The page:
Agriculture contributes 27% of GDP and 27% of the workforce is engaged in agriculture in Iran. The Department of Agricultural Extension became a part of different organisations and Ministries during the last five decades. In 1953, the integrated institution of agricultural extension was formed within the framework of an independent instructional organisation under the auspices of the Ministry of Agriculture. In 1973, the implementation of projects to increase agricultural production was entrusted to the Agricultural Extension Department. This diluted its earlier educational and training role as it began to focus more on the provision of loans and credit, preparation and arrangement of works, and handling distribution of seeds. Following the objective of developing a meaningful relationship between research and extension, the agricultural Extension Organisation was merged with the Agricultural Research and Education Organisation in 1993 and the newly formed establishment was named Agricultural Research, Education and Extension Organisation (AREEO).
In 1978, after the culmination of the Islamic revolution a chain of establishments including the organisation of Jihad-e-Sazandegi was founded. The main objective of creating this organisation was to provide preliminary assistance for farmers and the rural community across the country and to rehabilitate and develop the rural areas. The Ministry of Jihad-e-Sazandegi implements its programmes through the Rural Islamic Councils (which are supervised by the Ministry of Interior), and work through rural co-helpers who are elected by the Islamic council as facilitators for rural development. This organisation was upgraded to the level of a Ministry in 1990. Thus there were two Ministries that were involved in agriculture in Iran until 2000; the Ministry of Agriculture that was mainly involved in agronomy, horticulture and related research, education and extension; and the Ministry of Jihad-e-Sazandegi that was in-charge of animal husbandry, fishery and natural resource management. In 2000, due to problems caused by the separation of two Ministries, it was decided to re-merge the two Ministries into an integrated Ministry of “Jihad-e-Agriculture” or Agricultural Jihad. This was done with the primary objective of downsizing governmental organisational structures; integrating plans and policies related to agricultural and rural development; and to undertake more projects and programmes by provincial and regional levels for decentralisation purposes (Heidary, 2001)
One of the major problems affecting agricultural extension in Iran is the ambiguity in its position (Gharehyazi et al, 2003). Under AREEO, extension was linked with research and it has been doing more of professional extension and transfer of findings. Under the Ministry of Jihad-e-Sazandegi, extension activities were not combined and integrated with research and education In fact, such activities were carried out under the supervision of Deputy Minister for Extension and Peoples’ Participation. After the merging of the two Ministries, extension has become a matter of dispute. The issue of whether extension should be completely integrated with research or separated from it is yet to be fully resolved. Serious budget shortages and in particular lack of funds for hiring extension personnel and minimal access to transportation facilities are also notable.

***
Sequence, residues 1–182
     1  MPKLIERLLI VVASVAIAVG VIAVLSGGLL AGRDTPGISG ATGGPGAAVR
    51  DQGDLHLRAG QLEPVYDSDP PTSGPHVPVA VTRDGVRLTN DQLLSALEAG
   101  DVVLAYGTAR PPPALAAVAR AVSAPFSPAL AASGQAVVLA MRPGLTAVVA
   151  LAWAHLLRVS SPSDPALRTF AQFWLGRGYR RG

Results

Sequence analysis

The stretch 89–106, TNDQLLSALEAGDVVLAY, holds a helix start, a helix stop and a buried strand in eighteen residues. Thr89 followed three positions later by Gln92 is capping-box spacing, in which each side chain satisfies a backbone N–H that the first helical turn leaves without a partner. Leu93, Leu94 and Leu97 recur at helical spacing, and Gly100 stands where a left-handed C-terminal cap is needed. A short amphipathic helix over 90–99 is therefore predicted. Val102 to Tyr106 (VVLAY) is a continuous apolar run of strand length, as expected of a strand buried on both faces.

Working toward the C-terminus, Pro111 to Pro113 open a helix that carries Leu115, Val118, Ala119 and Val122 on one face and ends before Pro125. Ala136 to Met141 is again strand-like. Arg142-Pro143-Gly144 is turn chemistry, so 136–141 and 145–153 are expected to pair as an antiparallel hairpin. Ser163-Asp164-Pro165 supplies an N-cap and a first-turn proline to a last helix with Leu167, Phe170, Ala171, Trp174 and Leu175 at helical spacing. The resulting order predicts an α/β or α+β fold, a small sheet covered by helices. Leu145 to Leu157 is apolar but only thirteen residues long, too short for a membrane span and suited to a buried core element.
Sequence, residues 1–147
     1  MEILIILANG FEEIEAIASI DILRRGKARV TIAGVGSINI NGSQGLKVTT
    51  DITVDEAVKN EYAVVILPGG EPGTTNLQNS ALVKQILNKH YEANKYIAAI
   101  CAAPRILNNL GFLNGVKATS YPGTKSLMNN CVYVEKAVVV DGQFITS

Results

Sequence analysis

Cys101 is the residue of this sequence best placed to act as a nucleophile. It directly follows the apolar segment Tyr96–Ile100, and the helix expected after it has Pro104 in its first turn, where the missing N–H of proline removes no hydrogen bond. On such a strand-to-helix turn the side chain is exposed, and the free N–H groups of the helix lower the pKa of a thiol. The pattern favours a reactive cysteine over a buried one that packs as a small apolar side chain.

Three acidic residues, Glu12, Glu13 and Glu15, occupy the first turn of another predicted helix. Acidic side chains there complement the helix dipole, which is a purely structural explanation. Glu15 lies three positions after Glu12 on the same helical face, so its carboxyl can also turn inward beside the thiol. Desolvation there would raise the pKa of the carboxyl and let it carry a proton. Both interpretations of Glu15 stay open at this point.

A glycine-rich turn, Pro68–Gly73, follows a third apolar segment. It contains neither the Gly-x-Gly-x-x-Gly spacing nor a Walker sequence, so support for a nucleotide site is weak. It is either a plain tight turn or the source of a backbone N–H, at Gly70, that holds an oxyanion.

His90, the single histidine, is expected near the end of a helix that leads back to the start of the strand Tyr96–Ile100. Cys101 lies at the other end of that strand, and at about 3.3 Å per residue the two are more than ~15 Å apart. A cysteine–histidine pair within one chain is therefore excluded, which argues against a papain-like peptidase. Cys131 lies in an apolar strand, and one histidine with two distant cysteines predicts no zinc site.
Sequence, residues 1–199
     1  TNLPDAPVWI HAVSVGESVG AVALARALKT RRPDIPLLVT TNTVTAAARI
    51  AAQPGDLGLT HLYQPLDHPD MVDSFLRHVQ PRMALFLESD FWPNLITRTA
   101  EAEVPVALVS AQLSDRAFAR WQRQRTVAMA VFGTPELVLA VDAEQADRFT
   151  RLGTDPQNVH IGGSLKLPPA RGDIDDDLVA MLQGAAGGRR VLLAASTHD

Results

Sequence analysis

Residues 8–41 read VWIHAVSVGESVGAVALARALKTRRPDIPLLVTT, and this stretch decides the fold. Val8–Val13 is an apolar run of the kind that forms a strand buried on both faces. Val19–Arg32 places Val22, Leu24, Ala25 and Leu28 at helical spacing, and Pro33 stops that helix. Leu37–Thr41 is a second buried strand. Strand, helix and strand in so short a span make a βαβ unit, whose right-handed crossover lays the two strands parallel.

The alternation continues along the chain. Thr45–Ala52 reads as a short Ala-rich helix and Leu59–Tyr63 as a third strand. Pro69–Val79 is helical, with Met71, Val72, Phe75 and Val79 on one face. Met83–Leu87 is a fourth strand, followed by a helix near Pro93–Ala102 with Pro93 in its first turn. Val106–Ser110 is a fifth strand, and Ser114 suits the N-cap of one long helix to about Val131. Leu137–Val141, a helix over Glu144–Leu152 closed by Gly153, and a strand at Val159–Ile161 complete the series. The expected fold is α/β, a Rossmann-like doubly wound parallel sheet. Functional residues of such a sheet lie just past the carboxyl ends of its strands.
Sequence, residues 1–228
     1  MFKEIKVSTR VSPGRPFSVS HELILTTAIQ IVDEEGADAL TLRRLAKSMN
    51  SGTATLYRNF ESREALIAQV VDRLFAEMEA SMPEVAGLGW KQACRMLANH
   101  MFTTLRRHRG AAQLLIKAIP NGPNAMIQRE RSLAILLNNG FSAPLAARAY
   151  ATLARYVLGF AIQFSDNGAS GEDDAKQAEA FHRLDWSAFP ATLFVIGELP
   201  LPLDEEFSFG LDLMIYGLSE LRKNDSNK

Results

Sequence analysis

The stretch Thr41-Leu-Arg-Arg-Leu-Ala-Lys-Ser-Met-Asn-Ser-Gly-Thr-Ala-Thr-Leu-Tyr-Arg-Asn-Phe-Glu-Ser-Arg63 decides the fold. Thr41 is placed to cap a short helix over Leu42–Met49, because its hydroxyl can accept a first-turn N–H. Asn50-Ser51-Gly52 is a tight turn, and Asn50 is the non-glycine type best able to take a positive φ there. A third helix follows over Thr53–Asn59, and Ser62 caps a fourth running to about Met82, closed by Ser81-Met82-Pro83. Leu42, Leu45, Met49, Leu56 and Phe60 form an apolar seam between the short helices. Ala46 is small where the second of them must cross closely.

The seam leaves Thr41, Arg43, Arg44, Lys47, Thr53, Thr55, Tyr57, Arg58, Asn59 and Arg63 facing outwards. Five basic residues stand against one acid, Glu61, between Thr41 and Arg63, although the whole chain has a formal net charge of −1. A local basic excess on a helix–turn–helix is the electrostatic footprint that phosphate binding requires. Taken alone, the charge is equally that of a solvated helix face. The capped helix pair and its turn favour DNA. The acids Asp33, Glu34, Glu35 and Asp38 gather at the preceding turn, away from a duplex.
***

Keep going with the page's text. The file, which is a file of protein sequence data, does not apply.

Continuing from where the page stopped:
The present confusion on where extension should be attached may not be fully resolved as long as the role and functions of extension remains undefined. Clearly it has roots in education, research and rural development, but locating it in any of these three camps will fail. Becoming a part of the wider rural development sector can potentially help extension to broaden its mandate. To play a meaningful role, extension should ideally build relations with a wide range of actors in development and research-extension linkages is only one among them. Quite often, policy changes happen all of a sudden with total change in roles and functions implemented throughout the country. Ideally policy reforms should be a continuous process with experimentation of different kinds of approaches in limited scale and learning from these changes should inform the development of policy. Lack of such an approach is quite evident in this case.
Extension is clearly facing challenging times in Asia. The country studies illustrate four different and informative modes of extension and extension policy development. In the case of India, like a number of other Asian countries, extension policy is developed centrally in a fairly prescriptive fashion. Although approaches have evolved over the long term, it is not clear how implementation experience and learning informs policy development. In fact development fads and encouragement from international agencies seem to be a major source of implementation. From T&V, the approaches have now shifted to pluralism in extension financing and service delivery. While these new objectives might be laudable at a general level, ways of making them work on the ground is much harder to define. Furthermore these major shifts tend to lock up the extension in a particular mode of operation until yet another new idea comes along. For countries suffering from this policy trend, approaches that encourage learning and incremental institutional change are long over due.